07/27/2022 India (International Christian Concern) – Draupadi Murmu swore in as the new president of India this week, officially making her the nation’s first tribal woman president. Her tribal background has encouraged jubilation amongst many in India’s tribal community, which constitutes 8.6 percent of the country’s population according to the most recent census. Some church leaders have also expressed their hopeful outlook regarding her election. Father Nicholas Barla, the secretary of the Catholic Bishops’ Commission for Tribal Affairs, told UCA News, “It is a proud moment for all the tribal communities in India and as she is a tribal she can relate to the problems and difficulties faced by tribal communities, hence people expect she may address them accordingly.”
While many are hopeful, others have voiced significant skepticism about the impact of Murmu’s election, backed by the ruling Bharatiya Janata Party (BJP). On twitter recently, India’s Prime Minister Narendra Modi congratulated her on her election, and some have suggested that this election result is merely a symbolic victory that will be used by the Modi and his BJP to expand their influence amongst tribals without implementing positive change. One critical reporter asserted, “Nobody has heard Murmu speak on any important issue, not even while crisscrossing the vast nation during her token presidential campaign after filing her nomination.” Many concerns over her prospective impact also relate to her prior political record, which included time serving as the governor of the Indian state of Jharkhand. One official who worked with her during her time as governor, Ratan Tirkey, explained, “Judging by her time as governor, she has to be more authoritative as president when faced with political pressure from the ruling BJP.”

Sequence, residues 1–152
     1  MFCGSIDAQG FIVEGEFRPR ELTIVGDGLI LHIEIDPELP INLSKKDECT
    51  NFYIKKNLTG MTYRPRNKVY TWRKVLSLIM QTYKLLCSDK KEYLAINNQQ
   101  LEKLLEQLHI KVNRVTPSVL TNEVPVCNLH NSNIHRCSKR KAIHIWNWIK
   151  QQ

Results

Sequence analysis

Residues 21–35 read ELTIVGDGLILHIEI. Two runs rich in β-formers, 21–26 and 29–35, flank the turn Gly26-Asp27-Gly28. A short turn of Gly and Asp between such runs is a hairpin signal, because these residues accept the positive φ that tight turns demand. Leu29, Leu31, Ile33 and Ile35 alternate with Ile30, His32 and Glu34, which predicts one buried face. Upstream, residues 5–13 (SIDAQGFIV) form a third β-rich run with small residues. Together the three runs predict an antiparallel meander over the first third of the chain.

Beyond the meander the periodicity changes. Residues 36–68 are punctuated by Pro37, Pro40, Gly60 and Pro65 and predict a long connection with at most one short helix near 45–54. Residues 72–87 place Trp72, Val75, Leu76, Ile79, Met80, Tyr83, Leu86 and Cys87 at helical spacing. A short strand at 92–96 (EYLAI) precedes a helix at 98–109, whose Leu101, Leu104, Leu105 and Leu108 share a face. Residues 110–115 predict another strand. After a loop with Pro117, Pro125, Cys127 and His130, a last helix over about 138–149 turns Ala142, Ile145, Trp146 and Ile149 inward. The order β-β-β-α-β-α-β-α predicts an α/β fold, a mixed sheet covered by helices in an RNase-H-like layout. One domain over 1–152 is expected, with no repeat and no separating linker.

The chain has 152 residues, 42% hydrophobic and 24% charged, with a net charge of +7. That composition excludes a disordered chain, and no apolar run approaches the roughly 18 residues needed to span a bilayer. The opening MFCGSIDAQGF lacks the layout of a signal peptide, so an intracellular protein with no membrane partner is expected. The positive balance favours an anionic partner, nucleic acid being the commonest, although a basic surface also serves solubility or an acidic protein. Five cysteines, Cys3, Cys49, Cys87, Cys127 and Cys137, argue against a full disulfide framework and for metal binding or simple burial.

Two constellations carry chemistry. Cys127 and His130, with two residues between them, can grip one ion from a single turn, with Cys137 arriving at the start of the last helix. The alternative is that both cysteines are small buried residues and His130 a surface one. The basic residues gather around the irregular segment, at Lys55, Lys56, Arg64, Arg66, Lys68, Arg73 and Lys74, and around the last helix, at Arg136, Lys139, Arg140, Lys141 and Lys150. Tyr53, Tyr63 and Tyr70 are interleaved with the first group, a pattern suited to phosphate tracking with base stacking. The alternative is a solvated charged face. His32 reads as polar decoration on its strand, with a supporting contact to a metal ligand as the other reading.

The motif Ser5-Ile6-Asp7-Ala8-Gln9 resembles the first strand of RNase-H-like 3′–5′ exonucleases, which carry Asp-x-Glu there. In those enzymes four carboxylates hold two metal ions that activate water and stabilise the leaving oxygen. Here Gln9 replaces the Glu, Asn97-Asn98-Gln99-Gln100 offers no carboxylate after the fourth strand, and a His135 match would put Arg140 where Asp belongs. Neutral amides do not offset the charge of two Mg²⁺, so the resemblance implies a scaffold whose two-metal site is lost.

Regardless of skepticism, though, President Murmu has the support of many who are just happy to see a tribal achieve this new milestone in Indian politics. We pray that President Murmu will carry this support forward into her work, advancing the rights of all tribals in India, including tribal Christians who commonly face persecution from Hindu radicals.
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